Developing Nations Used as Dumps: Industrial Waste Proves Harmful to Inhabitants
Bowers, Paige, The Washington Times (Washington, DC)
Several weeks ago in New Delhi, victims of the world's worst industrial accident gathered outside Parliament to protest a Supreme Court decision to drop manslaughter charges in the 1984 Bhopal gas leak.
More than 15,000 people have died since toxic gas leaked from a Union Carbide-affiliated pesticide plant 12 years ago. Most of the deaths are from what a Bhopal claims court says are the long-term effects of the gas.
But New Delhi is facing newer problems, mainly the thousands of tons of toxic waste illegally imported through its ports, waste that is affecting the nervous systems and poisoning the blood of the city's residents.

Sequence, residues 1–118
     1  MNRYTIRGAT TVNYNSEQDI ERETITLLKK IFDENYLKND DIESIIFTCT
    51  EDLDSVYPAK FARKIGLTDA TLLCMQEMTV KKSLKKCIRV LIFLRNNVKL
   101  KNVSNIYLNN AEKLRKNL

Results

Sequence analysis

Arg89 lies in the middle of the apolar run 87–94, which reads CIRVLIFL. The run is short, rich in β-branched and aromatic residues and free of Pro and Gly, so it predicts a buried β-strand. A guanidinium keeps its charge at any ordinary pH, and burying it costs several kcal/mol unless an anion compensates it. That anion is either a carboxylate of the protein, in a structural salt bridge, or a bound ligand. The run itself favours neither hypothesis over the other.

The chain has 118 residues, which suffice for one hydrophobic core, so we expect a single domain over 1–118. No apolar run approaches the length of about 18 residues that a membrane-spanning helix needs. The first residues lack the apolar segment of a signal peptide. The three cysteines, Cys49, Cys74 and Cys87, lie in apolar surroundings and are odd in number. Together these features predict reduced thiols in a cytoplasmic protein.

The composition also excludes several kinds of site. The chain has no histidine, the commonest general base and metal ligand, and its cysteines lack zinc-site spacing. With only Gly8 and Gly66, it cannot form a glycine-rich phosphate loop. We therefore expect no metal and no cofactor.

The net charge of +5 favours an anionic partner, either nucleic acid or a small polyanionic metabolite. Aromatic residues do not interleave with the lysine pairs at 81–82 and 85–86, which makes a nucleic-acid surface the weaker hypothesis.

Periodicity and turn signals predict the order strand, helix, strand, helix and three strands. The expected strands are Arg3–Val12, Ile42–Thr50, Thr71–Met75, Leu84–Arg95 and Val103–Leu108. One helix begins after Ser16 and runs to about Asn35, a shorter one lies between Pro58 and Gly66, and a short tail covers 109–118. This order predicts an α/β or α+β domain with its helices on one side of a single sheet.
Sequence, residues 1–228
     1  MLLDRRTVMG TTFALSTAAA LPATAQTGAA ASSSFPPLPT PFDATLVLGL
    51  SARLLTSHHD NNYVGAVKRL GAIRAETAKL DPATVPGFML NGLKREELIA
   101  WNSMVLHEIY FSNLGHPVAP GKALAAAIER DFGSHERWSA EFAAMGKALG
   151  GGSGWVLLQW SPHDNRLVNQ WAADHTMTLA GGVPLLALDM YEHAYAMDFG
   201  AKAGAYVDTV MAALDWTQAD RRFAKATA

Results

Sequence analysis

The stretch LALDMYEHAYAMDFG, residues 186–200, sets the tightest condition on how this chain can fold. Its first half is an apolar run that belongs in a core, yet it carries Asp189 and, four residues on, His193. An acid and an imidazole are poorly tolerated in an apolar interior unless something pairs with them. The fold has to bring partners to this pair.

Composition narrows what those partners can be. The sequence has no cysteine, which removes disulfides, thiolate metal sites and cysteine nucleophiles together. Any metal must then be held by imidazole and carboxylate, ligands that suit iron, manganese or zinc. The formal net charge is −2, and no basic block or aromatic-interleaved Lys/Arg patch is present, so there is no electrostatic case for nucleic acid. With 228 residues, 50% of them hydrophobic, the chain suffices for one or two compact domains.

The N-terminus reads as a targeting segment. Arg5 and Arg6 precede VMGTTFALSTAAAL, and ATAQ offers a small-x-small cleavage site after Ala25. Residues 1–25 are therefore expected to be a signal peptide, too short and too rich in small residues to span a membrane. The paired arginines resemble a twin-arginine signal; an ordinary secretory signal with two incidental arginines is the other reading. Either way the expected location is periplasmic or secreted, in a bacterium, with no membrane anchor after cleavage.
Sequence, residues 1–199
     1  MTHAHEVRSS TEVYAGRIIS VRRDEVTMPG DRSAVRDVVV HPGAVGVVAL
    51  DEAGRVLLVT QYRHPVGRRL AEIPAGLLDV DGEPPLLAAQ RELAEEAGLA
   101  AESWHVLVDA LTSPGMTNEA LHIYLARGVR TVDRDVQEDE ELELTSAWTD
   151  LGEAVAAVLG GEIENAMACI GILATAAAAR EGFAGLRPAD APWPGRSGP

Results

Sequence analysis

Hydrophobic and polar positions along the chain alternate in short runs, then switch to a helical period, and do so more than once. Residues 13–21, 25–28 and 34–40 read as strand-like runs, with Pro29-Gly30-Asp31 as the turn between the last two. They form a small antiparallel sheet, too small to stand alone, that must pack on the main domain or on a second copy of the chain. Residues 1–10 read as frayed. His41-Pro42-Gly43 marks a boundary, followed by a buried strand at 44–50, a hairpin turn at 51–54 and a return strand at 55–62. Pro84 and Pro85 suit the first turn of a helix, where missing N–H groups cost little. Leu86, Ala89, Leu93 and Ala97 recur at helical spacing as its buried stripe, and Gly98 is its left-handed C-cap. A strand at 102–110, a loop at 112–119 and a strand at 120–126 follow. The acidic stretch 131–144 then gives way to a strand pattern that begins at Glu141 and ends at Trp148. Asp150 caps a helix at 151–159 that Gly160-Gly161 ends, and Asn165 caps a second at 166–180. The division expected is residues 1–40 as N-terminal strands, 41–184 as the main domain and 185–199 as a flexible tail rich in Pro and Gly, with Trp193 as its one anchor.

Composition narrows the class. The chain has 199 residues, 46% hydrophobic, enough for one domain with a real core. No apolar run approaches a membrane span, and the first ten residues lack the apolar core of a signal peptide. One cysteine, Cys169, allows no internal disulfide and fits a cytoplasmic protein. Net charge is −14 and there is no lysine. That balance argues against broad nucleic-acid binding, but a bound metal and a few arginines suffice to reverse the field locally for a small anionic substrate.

India is not alone in its troubles. Several other developing countries around the world have problems with industrial accidents and curbing the illegal influx of waste into their ports.
Much of this waste comes from larger, more industrialized nations, a situation that the world's environmental watchdog, Greenpeace, says is getting "completely out of control."
The United States tops the list of offending exporter nations outlined in Greenpeace's report, followed by Australia and Canada. The United …
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Publication information: Article title: Developing Nations Used as Dumps: Industrial Waste Proves Harmful to Inhabitants. Contributors: Bowers, Paige - Author. Newspaper title: The Washington Times (Washington, DC). Publication date: December 9, 1996. Page number: 14. © 2009 The Washington Times LLC. COPYRIGHT 1996 Gale Group.
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